So much has happened since our last blog and yet we are still here waiting for borders to open around us. We are comfortable and safe here, so will only move on when everything is in place ahead of us.
I jokingly mentioned about choosing which tree to decorate for Christmas, and now this is beginning to look like a real possibility!!!
For 7 weeks we lived isolated in our idyllic anchorage of Sipika, enjoying daily beach walks, swimming in crystal clear turquoise waters, and taking weekly trips, 5 miles away to the nearest village of Tello for reprovisioning and good internet.
The anchorage in front of Tello was busy with small ferries coming and going, boatloads of water taxis transporting people to and from the outlying islands, spider boats heading out to sea to catch squid, and fishermen throwing their nets to fill their baskets with thousands of baby sardines for sale in the market.
LIfe in this town is also busy and although free of Covid, there are public warnings about how to stay safe.
A motor bike tour of the Tello Island showed us another part of Island life.
We had to get very creative when refilling our LPG gas bottles. The only LPG available in Indonesia is in exchange bottles that need to be returned. They have different end fittings that don’t match our system on Mai Tai, so we can’t use their bottles on the boat. LPG, when under pressure, is a liquid and can be poured into another container. So, we just buy a local exchange bottle and then we use a hose we made with the local fitting on one end and our fitting on the other and decant the LPG into our own bottles. FYI, this can be very dangerous so don’t try this at home!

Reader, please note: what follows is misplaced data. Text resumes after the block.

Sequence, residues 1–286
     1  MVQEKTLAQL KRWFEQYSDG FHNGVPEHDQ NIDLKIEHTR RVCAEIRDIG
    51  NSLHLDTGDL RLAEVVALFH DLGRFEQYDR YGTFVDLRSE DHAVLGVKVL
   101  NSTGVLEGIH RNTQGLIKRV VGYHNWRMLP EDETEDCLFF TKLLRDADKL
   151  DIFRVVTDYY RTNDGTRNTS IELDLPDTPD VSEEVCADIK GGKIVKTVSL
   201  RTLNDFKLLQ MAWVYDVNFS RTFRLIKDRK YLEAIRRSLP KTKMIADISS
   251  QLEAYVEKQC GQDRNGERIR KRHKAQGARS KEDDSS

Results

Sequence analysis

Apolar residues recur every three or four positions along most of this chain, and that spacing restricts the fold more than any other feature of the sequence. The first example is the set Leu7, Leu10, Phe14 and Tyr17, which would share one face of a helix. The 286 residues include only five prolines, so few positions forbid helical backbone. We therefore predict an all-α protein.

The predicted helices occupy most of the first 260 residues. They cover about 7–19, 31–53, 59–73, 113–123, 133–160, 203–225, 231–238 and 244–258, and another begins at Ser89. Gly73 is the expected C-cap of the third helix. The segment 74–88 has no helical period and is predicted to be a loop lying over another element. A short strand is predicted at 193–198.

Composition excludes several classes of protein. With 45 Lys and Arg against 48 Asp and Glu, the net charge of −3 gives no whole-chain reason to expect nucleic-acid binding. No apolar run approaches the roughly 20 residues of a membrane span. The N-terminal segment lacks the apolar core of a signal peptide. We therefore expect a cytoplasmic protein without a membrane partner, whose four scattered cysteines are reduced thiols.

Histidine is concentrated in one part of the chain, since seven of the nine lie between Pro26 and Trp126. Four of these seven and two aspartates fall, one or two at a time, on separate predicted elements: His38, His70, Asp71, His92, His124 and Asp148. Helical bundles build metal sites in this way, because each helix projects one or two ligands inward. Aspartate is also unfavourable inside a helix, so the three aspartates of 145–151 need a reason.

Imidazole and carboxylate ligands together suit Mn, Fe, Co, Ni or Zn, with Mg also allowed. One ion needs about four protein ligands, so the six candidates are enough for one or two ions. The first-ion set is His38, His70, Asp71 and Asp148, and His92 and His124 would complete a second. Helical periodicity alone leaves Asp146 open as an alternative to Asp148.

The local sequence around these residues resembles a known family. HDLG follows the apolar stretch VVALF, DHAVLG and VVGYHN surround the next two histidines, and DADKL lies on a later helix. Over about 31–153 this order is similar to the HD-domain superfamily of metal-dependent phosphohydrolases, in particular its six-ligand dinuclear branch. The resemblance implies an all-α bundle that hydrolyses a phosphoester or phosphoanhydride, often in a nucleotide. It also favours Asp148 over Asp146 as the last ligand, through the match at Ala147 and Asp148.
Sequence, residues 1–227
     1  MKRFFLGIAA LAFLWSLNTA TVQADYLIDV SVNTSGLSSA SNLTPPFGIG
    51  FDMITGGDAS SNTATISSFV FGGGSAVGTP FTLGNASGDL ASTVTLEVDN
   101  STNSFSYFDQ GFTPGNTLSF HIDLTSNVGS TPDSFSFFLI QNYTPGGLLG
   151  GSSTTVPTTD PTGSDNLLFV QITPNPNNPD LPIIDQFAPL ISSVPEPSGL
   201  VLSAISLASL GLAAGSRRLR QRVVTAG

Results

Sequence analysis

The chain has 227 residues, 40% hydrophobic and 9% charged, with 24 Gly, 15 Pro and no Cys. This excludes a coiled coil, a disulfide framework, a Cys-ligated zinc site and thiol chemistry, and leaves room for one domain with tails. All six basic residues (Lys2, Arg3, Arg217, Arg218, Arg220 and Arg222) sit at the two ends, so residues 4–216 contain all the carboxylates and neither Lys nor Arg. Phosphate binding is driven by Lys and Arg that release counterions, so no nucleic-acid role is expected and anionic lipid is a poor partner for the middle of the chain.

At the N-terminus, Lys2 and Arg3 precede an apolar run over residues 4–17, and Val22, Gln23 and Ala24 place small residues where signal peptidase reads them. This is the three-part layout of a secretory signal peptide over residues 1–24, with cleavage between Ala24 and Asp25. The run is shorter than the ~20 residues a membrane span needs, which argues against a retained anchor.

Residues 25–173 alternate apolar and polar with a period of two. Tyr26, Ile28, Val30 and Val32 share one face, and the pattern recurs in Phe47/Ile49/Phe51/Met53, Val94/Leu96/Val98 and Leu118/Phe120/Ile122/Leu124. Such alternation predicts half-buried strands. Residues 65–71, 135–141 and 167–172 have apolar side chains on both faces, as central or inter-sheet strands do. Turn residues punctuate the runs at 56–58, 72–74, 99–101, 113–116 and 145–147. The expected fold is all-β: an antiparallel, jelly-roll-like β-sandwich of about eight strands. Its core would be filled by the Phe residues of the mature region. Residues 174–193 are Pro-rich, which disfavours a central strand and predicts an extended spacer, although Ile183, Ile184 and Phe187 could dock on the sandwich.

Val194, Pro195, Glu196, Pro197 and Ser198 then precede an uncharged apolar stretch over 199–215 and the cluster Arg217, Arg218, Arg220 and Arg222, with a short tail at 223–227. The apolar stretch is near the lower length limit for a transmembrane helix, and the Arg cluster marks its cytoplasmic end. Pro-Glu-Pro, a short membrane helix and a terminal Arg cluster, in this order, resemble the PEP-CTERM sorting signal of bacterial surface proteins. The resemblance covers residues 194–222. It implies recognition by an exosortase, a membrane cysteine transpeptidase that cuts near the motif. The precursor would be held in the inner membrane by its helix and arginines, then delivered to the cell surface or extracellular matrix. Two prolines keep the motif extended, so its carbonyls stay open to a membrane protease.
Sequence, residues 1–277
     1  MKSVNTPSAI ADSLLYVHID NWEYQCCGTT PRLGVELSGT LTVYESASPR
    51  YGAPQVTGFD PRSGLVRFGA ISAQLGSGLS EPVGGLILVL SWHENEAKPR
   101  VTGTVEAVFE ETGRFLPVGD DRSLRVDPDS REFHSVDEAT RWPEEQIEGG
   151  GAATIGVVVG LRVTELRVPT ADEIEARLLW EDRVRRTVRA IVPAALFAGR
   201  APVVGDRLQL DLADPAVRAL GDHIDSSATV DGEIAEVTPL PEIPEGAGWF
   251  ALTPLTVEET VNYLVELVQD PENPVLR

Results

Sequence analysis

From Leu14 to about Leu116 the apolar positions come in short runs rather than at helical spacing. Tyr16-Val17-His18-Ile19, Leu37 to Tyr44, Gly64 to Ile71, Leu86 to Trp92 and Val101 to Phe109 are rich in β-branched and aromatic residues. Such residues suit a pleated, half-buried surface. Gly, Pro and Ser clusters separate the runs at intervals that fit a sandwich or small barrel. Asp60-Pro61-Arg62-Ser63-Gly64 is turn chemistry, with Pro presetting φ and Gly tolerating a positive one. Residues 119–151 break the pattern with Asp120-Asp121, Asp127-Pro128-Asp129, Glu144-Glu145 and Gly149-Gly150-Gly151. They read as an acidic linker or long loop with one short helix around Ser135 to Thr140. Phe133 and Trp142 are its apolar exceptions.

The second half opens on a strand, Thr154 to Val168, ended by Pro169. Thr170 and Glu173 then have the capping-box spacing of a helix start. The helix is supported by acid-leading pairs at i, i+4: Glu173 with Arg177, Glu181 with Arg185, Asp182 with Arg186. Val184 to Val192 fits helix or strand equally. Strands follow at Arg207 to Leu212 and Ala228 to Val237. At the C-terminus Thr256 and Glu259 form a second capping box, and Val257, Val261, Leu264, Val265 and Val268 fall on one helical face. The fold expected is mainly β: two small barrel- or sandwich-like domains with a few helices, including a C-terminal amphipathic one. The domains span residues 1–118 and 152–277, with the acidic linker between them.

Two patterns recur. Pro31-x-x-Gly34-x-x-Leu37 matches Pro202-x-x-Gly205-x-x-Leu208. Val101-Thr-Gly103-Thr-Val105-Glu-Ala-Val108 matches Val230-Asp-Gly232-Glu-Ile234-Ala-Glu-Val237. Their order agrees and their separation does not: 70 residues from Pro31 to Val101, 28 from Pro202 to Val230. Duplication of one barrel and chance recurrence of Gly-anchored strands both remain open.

But now it is time to move on.
We have a new electric anchor windlass being delivered to Teluk Dalam, a larger town 57 miles north of here and we want to be there when it is scheduled to arrive on Oct 30th.
The old windlass seized about 8 weeks ago and since it had been on the boat for 24yrs Lane chose to replace it with a new one rather than trying to fix it. Lifting the anchor by hand is not easy as many of the anchorages here are very deep with many coral heads. Also, if we ever got into a tricky situation with high winds, we may not be able to lift the anchor and move out of harm’s way quickly. Not a good situation but we have made it work for us.
We left Tello at sun rise. Typically, in this region, the winds are very light, so we had planned to motor for some distance and hopefully pick up some wind later in the day.
After about 4 hours, Lane noticed the engine was overheating and a strange noise coming from the water pump. We stopped the engine while Lane went below to investigate. He discovered the bearings on the raw-water cooling pump were finished and the pump had seized. With no wind and no engine, we were truly up shit creek without a paddle! As we rolled gently in the greasy sea, Lane tried to figure out a work-around to get the engine running. He decided to connect the electric washdown pump to the raw water cooling system on the engine. This would provide sea water for cooling the diesel. Unfortunately, while testing the washdown pump connections, water was forced into the engine and was soon pouring out the air intake filter. This is not good! It just shows you how one problem can lead you down a path of complete destruction on a boat. Lane knows better than to have let this happen but with the fatigue of working in the hot engine room while the boat is rolling around and the stress of possibly having no wind for days, his actions would be forgiven.
There was not a breath of wind, so there we were, wallowing around with a gentle swell on an otherwise very glassy Indian Ocean. We had come just 20 miles and still had 35 miles to go to Teluk Dalam.